Georgia Law & the Elements of a Breach of Contract


In Georgia, a contract is a promise or set of promises in which one party agrees to do or not to do something in exchange for something of value. A breach occurs when one of the parties does not follow through with his end of the bargain. In order to recover damages for the breach, the party bringing the lawsuit must prove all elements of the breach of contract by a preponderance of the evidence.

Proper Party

The person bringing forth the lawsuit must have "the right to complain of the contract being broken," as the Georgia Court of Appeals stated in the 2008 case of Kuritzky v. Emory Univ., 294 Ga. App. 370, 371. Without the complaining party having this status, he will not have the standing necessary for a court to award him damages.

Valid Contract

Before a court can enforce a contract or award damages for its breach, the plaintiff must show that the contract was valid. The contract must have been based on a meeting of the minds of the parties. Additionally, it must contain all material terms so that it is clear what the contract was about and what the parties agreed to. For example, it should include the subject matter of the contract, the price, time, conditions of payment and any other terms important to the parties.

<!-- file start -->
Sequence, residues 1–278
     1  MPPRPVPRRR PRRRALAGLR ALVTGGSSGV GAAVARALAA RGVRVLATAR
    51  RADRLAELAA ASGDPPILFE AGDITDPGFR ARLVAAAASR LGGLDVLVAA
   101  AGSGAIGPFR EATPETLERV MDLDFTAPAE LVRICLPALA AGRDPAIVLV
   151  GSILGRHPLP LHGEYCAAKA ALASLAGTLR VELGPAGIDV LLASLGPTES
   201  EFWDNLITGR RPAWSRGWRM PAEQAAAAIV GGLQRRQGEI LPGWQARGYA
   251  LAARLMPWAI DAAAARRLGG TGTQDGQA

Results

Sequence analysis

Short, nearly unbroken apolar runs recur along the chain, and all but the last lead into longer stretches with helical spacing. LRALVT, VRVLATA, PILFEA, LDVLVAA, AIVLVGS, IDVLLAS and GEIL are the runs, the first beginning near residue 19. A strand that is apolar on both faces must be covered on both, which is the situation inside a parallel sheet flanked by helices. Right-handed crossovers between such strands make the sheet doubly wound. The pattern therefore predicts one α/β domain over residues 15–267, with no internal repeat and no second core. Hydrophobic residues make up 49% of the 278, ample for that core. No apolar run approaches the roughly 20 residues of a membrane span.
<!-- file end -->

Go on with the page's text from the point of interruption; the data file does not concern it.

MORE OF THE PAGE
Some contracts in Georgia are required to be in writing or they will be unenforceable. For example, surety contracts, contracts for the sale of land, contracts that are impossible to perform within one year and promises for the lending of money must be in writing.


The plaintiff has the burden of proof showing that the defendant breached the contract in some way. A breach occurs when one of the parties to the contract does not perform his duties under the terms of the contract. This may result when one of the parties did not pay the amount required in the contract, or it may occur when one of the parties failed to perform a service listed in the contract. A breach also can occur when the quality of goods is not up to par, based on the seller's warranties. The breach must usually be material to the contract, meaning that it had significance to both parties at the time the contract was formed, such as the timing of receiving services and the amount that is required to be paid.


The plaintiff also has the burden of showing that he suffered some real damages. In the business context, it can be difficult to prove the actual amount of damages. However, the amount of lost profits is one form of damages under such cases. Lost profits may be derived by comparing the breached contract to a similar business experience or by having an expert economic witness testify as to the value of the contract.

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